“You ask,” said Pyrrhus, “a thing evident of itself. The Romans once conquered, there is neither Greek nor barbarian city that will resist us, but we shall presently be masters of all Italy, the extent and resources and strength of which any one should rather profess to be ignorant of than yourself.”

Cineas, pausing a while, replied: “And when we have taken Italy, what shall we do then?”

Pyrrhus not finding his meaning yet, said unto him: “Sicily next holds out her arms to receive us, a wealthy and populous island, and easy to be gained; having no head that governs them since Agathocles left it, more than orators only that are their councilors, who will soon be won.”

“You speak,” said Cineas, “what is perfectly probable, but will the possession of Sicily put an end to the war?”

“The gods grant us,” answered Pyrrhus, “victory and success in that, and we will use these are forerunners of greater things; who could forbear from Libya and Carthage then within reach, which Agathocles, even when forced to flee from Syracuse, and passing the sea only with a few ships, had all but surprised? These conquests, once perfected, will any assert that of the enemies who now pretend to despise us, any one will dare to make further resistance?”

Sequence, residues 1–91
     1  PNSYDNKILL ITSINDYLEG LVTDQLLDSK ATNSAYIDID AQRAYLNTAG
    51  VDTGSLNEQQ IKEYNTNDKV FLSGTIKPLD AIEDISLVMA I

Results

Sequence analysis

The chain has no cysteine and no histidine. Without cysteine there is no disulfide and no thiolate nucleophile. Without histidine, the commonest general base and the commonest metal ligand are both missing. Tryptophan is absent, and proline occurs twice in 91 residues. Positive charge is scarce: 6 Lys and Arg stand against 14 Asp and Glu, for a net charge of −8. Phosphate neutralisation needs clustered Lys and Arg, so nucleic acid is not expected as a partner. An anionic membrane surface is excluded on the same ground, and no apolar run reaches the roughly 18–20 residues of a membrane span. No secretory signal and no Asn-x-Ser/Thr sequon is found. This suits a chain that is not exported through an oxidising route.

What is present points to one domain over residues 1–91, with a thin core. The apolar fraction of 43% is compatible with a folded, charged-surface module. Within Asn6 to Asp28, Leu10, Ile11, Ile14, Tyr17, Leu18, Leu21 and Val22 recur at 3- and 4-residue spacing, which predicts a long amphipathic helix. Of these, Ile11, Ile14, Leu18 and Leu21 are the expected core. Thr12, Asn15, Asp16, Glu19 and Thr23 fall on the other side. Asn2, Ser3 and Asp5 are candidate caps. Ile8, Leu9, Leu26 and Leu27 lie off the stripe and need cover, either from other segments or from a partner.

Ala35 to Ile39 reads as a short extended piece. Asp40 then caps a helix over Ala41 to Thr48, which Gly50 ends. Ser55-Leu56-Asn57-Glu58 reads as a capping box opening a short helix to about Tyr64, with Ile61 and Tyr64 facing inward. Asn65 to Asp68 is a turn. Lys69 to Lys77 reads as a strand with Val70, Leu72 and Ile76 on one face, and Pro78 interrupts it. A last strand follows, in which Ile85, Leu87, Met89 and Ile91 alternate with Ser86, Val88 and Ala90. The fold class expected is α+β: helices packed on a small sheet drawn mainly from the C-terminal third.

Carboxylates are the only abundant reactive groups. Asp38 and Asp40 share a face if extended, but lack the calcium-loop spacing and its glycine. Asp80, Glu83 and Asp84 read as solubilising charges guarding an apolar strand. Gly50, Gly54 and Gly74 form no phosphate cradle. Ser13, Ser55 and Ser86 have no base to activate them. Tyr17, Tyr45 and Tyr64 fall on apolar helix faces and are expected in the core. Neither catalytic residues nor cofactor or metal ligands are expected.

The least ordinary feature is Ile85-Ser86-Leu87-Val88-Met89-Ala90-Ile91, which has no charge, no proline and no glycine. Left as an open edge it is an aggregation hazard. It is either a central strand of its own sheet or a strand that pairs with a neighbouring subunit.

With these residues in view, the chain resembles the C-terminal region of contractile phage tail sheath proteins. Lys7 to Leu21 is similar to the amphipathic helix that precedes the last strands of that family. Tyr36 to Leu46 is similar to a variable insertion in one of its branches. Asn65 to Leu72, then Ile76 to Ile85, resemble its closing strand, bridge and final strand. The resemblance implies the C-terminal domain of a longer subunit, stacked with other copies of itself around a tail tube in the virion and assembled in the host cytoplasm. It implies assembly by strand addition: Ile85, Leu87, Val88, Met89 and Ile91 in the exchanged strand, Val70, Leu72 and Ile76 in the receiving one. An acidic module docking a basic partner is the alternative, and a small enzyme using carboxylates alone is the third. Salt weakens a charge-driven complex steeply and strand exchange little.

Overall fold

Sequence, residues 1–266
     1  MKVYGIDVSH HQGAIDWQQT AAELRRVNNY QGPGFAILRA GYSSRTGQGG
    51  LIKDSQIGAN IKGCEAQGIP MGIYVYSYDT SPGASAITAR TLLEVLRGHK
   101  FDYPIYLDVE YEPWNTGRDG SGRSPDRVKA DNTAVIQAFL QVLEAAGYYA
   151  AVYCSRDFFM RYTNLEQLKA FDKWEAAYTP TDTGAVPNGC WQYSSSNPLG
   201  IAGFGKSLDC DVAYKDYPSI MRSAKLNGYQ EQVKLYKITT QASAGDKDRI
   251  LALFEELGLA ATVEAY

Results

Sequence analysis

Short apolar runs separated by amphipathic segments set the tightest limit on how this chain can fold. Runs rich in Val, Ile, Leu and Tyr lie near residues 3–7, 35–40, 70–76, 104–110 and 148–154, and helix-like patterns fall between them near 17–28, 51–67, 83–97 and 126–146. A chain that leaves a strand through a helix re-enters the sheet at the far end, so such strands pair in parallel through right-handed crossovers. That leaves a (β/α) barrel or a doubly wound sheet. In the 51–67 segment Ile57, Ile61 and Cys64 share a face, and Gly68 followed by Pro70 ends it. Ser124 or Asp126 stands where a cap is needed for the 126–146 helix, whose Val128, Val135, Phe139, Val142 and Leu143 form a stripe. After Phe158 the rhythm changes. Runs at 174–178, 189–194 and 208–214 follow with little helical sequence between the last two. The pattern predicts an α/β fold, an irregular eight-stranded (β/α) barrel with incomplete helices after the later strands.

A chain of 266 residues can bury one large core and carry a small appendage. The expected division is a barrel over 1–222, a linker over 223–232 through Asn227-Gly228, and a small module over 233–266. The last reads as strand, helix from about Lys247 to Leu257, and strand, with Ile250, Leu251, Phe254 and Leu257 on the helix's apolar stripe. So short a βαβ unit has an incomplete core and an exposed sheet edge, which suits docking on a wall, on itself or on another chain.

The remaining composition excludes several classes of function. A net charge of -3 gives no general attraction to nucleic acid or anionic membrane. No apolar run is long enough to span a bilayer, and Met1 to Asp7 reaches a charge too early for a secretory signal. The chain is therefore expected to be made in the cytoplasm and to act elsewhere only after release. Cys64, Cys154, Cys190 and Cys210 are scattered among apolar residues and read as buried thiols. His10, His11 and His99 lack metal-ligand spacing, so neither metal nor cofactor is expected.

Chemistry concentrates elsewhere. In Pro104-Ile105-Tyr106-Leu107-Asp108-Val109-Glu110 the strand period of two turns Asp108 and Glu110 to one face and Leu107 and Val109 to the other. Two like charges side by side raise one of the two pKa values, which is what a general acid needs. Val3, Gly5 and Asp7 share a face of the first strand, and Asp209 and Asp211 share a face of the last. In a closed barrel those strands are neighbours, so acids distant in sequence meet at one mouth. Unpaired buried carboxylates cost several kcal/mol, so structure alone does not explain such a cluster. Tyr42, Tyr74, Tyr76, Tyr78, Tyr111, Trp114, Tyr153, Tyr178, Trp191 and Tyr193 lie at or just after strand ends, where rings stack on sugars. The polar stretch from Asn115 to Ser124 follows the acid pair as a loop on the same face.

“None,” replied Cineas, “for then it is manifest we may with such mighty force regain Macedon, and make an absolute conquest of Greece; and when all these are in our power what shall we do then?”

Said Pyrrhus, smiling, “We will then, good Cineas, be quiet, and take our ease, and make feasts every day, and be as merry one with another as we can possibly be.”

Cineas having brought him to that point, said again to him: “And what hinders us now, sir, if we have a mind to be merry, and entertain one another, since we have at hand without trouble all those necessary things, to which through much blood and great labour, and infinite hazards and mischief done to ourselves and to others, we design at last to arrive?”

Such reasonings rather troubled Pyrrhus with the thought of the happiness he was quitting, than in any way altered his purpose, he being unable to abandon the hopes of what he so much desired.

Beyond this, we don’t know the original source of this exchange between Pyrrhus and Cineas. In either case, it doesn’t matter if it’s war, business, or life, the Fisherman’s Parable contains a modernized version of an ancient lesson we must all learn: Before making your first move, know how you define success.

By the way, Pyrrhus, the only man to never lose a battle to the Romans, never heeded Cineas’ advice. Instead of being remembered as the world’s greatest general, we know him today for the term “Pyrrhic Victory” – i.e., winning the battle but losing the war.

Remember, it doesn’t matter how many stumbles or setbacks you suffer along the way on the critical path to your Lifetime Dream. Victory means only one thing: Achieving your Lifetime Dream. If this sounds Machiavellian to you, it’s only because you haven’t finished reading this work.

…to be continued…